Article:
Would Knee Replacements Make Me Taller?

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Emporium of Medicinal Wonderments: In an ongoing series, the curious men and women of The Atlantic share with me their physiological curiosities.

medman.jpg [C.E. Brock/FOBO]

Derek Thompson: Could double knee replacements make someone taller?

Asking for a friend, huh? [winking]

Actually, yes. My friend's dad is about to get them.

Ahhhhuuuuuh [winking, obnoxiously]

Dude.

OK well, tell your "friend's dad" who "just got --

Forget this. I'll just look it up on WedMD.

Please don't -- I'll tell you, I'll tell you. 

Some people are a little taller after knee replacements, yes.

That's what I thought.

When you get bad enough arthritis that you need a knee replacement, the cartilage in your knee is usually totally worn down. The end of your femur is basically sitting directly on your tibia. In the new prosthetic knee, it's like that cartilage space is there again. That can account for something in the vertical dimension - but only a few millimeters. And that's often negated by the other surgical changes.

So, nothing noticeable.

SHARK300200.jpg

I wouldn't expect any change in social status. Unless you were bow-legged or knock-kneed, and then you got knee replacements that ended up straightening you out, that could make you visibly taller.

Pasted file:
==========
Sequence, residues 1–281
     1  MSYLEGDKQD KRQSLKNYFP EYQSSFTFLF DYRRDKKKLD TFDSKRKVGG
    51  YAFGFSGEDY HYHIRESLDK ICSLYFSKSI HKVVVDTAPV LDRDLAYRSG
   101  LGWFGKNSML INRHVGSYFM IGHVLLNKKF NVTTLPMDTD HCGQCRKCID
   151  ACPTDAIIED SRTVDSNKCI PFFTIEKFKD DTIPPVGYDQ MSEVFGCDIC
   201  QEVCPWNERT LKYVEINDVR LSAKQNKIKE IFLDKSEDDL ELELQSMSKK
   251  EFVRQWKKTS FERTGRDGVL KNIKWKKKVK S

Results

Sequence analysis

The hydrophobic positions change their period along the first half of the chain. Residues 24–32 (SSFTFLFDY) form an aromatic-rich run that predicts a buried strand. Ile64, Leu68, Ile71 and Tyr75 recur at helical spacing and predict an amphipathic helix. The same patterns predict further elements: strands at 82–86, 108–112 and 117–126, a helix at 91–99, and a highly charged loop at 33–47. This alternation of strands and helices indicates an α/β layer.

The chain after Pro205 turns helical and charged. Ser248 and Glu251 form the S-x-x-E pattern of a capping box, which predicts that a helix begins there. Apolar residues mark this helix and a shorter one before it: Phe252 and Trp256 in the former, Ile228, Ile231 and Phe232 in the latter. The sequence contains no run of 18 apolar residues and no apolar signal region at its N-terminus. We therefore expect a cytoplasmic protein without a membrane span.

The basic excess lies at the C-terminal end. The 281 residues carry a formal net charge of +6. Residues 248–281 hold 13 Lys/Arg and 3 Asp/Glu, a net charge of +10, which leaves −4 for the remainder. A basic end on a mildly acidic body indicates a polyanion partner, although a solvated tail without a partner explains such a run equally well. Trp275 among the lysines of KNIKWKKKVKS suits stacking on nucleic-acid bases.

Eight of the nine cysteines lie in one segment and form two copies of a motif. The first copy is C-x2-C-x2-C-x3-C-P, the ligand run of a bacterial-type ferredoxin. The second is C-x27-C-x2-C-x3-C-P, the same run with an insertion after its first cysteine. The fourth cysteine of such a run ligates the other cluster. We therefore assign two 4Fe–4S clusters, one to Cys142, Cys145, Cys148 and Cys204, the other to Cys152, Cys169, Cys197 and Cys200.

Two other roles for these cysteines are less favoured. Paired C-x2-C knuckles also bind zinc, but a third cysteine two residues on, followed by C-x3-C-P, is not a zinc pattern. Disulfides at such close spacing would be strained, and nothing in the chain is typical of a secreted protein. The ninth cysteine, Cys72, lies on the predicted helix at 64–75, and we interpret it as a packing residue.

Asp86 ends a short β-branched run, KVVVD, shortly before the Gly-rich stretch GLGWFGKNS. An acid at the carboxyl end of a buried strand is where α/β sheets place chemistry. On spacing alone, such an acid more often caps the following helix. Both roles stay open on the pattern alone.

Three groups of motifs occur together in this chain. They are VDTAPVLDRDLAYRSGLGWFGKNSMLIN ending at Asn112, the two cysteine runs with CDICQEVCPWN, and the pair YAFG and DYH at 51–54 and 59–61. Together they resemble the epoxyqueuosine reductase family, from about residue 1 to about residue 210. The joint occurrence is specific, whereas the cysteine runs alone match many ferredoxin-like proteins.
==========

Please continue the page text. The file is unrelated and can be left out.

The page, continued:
And that could get you a better job. The average CEO is six feet tall.

Maybe the knee replacements could actually pay for themselves. If not financially, romantically.

Next month's cover: "Why Short Men Still Can't Have It All."

Most women do prefer men who are taller than they are, but beyond that attractiveness doesn't seem to correlate directly with height. 

If anything, being significantly bow-legged might do more for you than the extra height. People used to be bow-legged all the time because of rickets. The vintage masculine persona is very in right now.

Ah yes, the sex appeal of rickets. 

If you walked around with a confident, unnaturally wide gait, like "I grew up hard, too busy living life to care out vitamin D," you could turn some heads.

But you've already got nice, straight knees.

Yeah. You too.

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James Hamblin, MD, is a senior editor at The Atlantic.

 
 
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